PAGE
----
Germany's Lufthansa has further narrowed its losses in the second quarter and recorded its first positive cash flow since the start of the coronavirus crisis, citing faster than planned cost cuts.
The group, which also owns Eurowings, Swiss, Brussels and Austrian Airlines, said its adjusted operating loss narrowed to €952 million euros, down 43% from a year earlier and lower than the €971 million forecast on average in a company-provided poll.
Revenue came in at €3.2 billion against a €3.3 billion forecast.
Lufthansa, which in June laid out plans to return to profitability with fewer planes and staff than it had before the coronavirus pandemic pummelled the travel industry, said it continued to expect high demand for tourist destinations and recovery in business travel in the second half of the year.
The group reported adjusted cash inflow of €340 million in the second quarter after a €1.13 billion outflow a year earlier.
"We have been able to stop the outflow of funds in the current phase of reviving our business and generate a positive cash flow for the first time since the beginning of the pandemic," Chief Executive Carsten Spohr said in a statement.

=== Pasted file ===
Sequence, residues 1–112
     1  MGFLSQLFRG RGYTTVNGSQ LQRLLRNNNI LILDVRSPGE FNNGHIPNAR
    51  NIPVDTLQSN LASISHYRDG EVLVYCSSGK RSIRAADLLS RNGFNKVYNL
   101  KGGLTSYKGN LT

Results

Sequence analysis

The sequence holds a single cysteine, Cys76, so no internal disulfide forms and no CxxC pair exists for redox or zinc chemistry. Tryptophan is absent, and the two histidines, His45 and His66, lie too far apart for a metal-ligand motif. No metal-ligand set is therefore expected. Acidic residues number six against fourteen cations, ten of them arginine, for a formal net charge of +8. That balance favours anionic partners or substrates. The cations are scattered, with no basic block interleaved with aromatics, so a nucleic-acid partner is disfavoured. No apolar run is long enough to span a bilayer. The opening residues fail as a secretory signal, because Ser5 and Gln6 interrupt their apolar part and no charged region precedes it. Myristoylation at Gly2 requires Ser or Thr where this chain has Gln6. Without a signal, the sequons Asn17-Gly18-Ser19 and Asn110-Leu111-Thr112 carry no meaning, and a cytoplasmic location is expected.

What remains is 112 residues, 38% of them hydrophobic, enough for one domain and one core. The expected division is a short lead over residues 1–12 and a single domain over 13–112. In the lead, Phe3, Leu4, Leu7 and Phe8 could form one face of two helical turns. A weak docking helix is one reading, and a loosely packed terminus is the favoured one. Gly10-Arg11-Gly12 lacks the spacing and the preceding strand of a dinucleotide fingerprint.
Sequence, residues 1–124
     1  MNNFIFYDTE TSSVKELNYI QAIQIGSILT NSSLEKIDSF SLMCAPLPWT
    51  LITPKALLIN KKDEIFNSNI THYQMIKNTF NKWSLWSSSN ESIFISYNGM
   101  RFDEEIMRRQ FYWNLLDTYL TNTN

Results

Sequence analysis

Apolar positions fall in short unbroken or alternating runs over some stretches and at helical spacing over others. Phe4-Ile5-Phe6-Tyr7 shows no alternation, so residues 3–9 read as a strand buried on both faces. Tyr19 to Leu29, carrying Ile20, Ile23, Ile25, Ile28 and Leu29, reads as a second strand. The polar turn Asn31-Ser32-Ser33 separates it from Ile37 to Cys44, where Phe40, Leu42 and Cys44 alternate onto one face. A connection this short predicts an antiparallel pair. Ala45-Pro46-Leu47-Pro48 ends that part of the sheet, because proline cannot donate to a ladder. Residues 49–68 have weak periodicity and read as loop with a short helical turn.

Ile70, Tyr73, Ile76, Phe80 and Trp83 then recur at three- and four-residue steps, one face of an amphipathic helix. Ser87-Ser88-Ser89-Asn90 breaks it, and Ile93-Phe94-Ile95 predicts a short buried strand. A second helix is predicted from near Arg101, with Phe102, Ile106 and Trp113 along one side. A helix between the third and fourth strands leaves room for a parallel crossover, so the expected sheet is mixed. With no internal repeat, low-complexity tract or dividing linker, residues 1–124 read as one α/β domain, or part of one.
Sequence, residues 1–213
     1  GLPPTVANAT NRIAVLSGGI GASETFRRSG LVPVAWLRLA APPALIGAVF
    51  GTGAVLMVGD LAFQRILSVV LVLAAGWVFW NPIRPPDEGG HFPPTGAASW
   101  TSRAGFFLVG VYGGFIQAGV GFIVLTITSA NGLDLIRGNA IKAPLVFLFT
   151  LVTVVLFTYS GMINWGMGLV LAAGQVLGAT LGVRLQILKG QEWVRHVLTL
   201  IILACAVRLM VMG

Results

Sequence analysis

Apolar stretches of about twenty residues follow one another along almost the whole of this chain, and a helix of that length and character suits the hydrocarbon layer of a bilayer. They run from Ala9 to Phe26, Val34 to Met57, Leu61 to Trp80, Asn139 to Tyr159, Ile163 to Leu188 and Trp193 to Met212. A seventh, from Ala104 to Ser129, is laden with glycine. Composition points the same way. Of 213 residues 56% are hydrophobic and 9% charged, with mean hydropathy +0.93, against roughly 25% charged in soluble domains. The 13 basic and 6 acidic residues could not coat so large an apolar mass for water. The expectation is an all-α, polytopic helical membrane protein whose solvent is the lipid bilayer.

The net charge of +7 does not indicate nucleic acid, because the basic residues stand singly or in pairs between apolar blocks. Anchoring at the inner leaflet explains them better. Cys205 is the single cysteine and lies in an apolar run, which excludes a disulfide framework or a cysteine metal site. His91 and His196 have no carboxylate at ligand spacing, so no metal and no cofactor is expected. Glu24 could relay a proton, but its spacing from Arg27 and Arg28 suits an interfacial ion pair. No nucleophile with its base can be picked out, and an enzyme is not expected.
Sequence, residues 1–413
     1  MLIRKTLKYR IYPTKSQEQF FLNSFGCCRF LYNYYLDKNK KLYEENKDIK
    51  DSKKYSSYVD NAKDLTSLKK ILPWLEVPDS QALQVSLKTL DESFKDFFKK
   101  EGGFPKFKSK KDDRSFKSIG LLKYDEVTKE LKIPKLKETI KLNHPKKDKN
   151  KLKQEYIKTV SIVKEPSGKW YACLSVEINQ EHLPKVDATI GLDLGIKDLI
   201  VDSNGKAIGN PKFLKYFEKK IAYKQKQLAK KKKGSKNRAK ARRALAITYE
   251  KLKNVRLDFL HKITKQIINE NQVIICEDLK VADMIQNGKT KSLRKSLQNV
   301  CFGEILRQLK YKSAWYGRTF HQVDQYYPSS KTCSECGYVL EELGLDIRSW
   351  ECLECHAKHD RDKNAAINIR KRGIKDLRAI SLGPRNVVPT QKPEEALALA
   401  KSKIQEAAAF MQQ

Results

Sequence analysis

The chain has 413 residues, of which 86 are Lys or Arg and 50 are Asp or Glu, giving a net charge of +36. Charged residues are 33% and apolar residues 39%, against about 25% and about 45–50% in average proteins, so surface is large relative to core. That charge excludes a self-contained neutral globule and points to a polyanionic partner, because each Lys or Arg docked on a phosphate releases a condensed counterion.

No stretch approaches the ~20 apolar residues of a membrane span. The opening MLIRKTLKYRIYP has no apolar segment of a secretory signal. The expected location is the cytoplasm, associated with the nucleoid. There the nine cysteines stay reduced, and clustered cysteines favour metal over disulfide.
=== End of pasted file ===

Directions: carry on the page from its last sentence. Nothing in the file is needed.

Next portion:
The group said its airlines carried 7 million passengers in the quarter ending June 30, 18% of the pre-crisis levels in 2019, but as planned offered capacity gradually improved over the quarter to reach 40% at the end of June.
Lufthansa also confirmed its target to reach 40% capacity level for the entire year 2021, with the operating loss significantly below last year's nearly €5.5 billion.
The airline said it has already reached half of the €3.5 billion in cost cuts targeted by 2024, six months earlier than planned, citing better than expected uptake of voluntary redundancy programs in Germany and Switzerland.
The plans envisage a fleet that will be 20% smaller but more efficient, and a 1.8 billion euro reduction in staff costs.